New Mexico regulators reject utility merger proposed by CMP parent company

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ALBUQUERQUE, NM – A panel of New Mexico regulators on Wednesday rejected a proposed multi-billion dollar acquisition of the state’s largest electricity supplier by energy company Avangrid, saying the deal did not offer lack of adequate protections for clients and that the risks outweighed the promised benefits.

The Public Regulatory Commission voted unanimously to accept an auditor’s recommendation to reject the merger.

The five elected commissioners agreed that the deal would not be in the public interest. They have raised concerns about customer service and reliability issues in other states where Avangrid operates, including Maine. They also pointed out that the company initially withheld information during the proceedings, a decision that resulted in a fine of $ 10,000.

Commission Chairman Stephen Fischmann said New Mexico and many other states are at an extremely important stage in the transition to more renewable energy production. He acknowledged that utilities and regulators face more and more demands as transformation drives changes in the supply chain and how customers are affected.

He said Avangrid was not the right partner to help New Mexico through the transition given its track record elsewhere, an ongoing investigation into the executives of its multinational owner Iberdrola in Spain, and the potential to reliability issues and higher electricity rates.

“To me, this whole deal kind of boils down to promises versus actual performance,” said Fischmann.

Under the proposal, Connecticut-based Avangrid would have acquired PNM Resources and its two utilities – Public Service Co. of New Mexico and Texas New Mexico Power. The cash transaction was valued at over $ 4.3 billion and would have opened the door for Iberdrola and Avangrid in a state where more wind and solar power could be generated and exported to larger markets.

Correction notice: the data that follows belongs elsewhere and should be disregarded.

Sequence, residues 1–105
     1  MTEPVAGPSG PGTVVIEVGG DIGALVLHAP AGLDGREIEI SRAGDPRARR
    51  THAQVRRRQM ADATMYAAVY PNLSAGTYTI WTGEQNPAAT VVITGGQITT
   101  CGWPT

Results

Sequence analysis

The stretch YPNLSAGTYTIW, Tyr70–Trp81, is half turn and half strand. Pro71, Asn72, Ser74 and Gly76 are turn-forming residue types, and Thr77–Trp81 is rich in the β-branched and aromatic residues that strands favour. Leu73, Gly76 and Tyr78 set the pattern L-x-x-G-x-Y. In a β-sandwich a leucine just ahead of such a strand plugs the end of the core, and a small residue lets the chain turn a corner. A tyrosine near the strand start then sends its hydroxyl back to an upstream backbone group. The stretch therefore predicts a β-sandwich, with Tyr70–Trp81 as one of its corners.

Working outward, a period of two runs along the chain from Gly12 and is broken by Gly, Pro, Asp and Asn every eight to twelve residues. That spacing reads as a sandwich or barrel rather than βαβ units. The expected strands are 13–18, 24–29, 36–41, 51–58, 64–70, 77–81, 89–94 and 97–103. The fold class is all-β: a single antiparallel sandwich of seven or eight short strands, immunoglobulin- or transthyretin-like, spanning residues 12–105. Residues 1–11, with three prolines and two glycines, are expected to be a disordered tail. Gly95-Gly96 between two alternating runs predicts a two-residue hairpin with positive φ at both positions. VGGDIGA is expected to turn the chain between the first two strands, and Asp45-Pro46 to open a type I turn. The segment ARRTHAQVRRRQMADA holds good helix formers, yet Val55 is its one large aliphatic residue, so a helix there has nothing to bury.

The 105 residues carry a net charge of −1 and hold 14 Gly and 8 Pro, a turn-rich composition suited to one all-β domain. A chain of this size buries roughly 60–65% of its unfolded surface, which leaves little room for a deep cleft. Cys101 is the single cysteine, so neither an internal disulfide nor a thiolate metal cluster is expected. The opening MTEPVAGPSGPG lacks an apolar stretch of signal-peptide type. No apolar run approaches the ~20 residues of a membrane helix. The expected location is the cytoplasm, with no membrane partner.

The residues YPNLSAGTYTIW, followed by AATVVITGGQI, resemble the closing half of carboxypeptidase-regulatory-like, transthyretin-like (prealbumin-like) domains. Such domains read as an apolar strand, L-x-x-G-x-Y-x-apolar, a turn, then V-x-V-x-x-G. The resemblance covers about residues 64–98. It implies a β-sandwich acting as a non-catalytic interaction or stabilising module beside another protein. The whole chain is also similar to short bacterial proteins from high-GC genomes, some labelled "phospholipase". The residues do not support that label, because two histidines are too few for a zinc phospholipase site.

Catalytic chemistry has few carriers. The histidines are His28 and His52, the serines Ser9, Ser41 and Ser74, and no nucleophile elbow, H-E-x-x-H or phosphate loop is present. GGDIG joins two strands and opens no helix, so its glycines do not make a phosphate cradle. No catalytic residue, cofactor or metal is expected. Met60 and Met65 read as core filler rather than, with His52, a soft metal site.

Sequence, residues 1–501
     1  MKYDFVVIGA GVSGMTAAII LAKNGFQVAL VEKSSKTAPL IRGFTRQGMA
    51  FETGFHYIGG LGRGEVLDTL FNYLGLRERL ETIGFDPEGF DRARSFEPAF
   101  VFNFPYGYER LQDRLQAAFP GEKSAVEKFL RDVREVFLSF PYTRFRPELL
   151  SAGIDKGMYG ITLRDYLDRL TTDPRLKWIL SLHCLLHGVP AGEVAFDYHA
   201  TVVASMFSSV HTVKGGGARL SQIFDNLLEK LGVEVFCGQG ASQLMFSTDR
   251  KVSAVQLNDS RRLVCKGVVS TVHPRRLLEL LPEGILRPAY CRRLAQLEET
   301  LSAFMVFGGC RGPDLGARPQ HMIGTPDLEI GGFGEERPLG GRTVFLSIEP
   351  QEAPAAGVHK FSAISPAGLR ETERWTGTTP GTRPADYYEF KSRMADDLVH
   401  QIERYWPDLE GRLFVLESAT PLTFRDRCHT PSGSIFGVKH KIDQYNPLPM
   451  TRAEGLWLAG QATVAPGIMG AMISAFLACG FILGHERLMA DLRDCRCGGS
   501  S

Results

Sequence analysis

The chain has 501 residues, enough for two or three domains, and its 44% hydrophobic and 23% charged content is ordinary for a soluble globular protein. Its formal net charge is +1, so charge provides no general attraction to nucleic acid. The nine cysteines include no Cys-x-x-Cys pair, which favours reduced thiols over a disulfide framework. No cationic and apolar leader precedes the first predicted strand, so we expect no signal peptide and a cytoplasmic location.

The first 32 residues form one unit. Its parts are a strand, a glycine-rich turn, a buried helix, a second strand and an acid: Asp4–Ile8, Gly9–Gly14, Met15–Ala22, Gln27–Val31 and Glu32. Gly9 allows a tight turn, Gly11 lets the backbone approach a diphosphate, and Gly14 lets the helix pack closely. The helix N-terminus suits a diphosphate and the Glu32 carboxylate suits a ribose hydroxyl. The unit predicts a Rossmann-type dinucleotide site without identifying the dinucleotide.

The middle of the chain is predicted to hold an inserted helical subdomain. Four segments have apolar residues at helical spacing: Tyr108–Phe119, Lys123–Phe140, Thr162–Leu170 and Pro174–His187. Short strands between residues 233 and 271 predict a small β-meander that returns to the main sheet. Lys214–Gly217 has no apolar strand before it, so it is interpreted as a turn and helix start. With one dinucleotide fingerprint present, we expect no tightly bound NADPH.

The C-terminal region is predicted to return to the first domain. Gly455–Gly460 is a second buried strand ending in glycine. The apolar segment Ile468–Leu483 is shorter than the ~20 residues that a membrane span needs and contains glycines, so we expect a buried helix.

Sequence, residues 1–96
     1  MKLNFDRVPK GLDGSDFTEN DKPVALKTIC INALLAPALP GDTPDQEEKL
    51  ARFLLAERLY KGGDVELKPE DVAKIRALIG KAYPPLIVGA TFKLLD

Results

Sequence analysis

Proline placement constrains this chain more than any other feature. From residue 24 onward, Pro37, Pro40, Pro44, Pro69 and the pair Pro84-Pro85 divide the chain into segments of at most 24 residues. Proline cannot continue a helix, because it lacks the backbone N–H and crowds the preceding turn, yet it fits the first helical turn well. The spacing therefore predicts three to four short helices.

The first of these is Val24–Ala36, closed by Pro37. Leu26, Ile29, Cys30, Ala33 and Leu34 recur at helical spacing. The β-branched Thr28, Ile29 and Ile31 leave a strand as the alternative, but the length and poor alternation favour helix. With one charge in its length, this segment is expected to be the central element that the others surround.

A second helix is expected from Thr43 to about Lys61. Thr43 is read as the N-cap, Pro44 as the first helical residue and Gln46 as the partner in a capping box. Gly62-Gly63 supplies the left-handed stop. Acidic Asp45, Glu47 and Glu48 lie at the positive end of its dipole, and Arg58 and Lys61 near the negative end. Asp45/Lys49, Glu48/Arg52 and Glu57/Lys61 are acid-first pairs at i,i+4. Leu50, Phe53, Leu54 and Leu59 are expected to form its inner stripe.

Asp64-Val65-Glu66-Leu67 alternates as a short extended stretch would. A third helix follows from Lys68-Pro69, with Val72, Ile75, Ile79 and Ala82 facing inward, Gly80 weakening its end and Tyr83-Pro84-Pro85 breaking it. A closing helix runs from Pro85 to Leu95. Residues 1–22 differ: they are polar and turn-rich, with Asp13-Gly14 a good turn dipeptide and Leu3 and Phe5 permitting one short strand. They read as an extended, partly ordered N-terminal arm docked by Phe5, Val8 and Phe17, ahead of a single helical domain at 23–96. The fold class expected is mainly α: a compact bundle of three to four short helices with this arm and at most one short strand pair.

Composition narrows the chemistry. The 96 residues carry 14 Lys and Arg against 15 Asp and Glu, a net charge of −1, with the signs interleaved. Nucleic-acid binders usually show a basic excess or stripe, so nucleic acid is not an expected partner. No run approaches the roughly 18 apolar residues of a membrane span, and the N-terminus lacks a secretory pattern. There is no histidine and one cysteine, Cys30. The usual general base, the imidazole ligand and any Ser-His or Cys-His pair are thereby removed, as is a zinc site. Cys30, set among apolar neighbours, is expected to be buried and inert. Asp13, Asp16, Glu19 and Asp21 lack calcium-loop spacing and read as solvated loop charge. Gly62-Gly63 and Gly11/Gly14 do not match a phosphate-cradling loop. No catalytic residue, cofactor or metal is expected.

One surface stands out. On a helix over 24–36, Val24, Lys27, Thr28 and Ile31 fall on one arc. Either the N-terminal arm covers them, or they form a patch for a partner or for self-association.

Utilities, in an advertising blitz, touted more than $ 300 million in benefits, including tariff relief for PNM customers for three years, investments in economic development, creation of 150 jobs and other concessions obtained through negotiations with the parties concerned.

PNM Resources President and CEO Pat Vincent-Collawn released a statement after the vote, saying she was saddened by the decision.

“We will continue to assess any next steps that may allow us to bring positive benefits to the people we serve,” she said.

The case has been in the works for a year, with commission hearing officer Ashley Schannauer spending several months overseeing evidence gathering and two weeks of public hearings over the summer.

Schannauer presented his recommendation last week to the committee to veto the proposal. He also cited some conditions the commissioners should implement if they decide to back the merger, but it was clear the commission still had concerns after considering tons of evidence and hours of testimony.

The deal also came in two lawsuits filed last week, starting with a former contractor accusing Avangrid of fraud and racketeering. Avangrid sued for libel, saying the contractor was bitter about not getting new work and made false statements to interfere with the proposed New Mexico merger.

Schannauer at Wednesday’s meeting reiterated his concerns about reliability if Avangrid were to take over.

PNM and Avangrid officials had asked the commission to present oral arguments to address some of the commissioners’ concerns. The committee decided not to do so, noting that companies had had ample time over the past year to make their point.

Some environmental groups suggested on Wednesday that the move could cost the state hundreds of millions of dollars in lost jobs and renewable energy investments. But commissioners questioned the price, saying there was no guarantee that the jobs Avangrid promised would yield the expected economic returns.

During negotiations, Avangrid also pledged $ 12.5 million to support projects in Indigenous communities and to build 200 megawatts of renewable energy production and storage on the Navajo Nation in northwestern New Mexico. .

Yet Commissioner Joseph Maestas said the many concessions made during the negotiations were not enough to alleviate concerns over the deal and suggested that regulators did not have the funding or resources to ensure that the deal. ‘Avangrid would have kept his promises.


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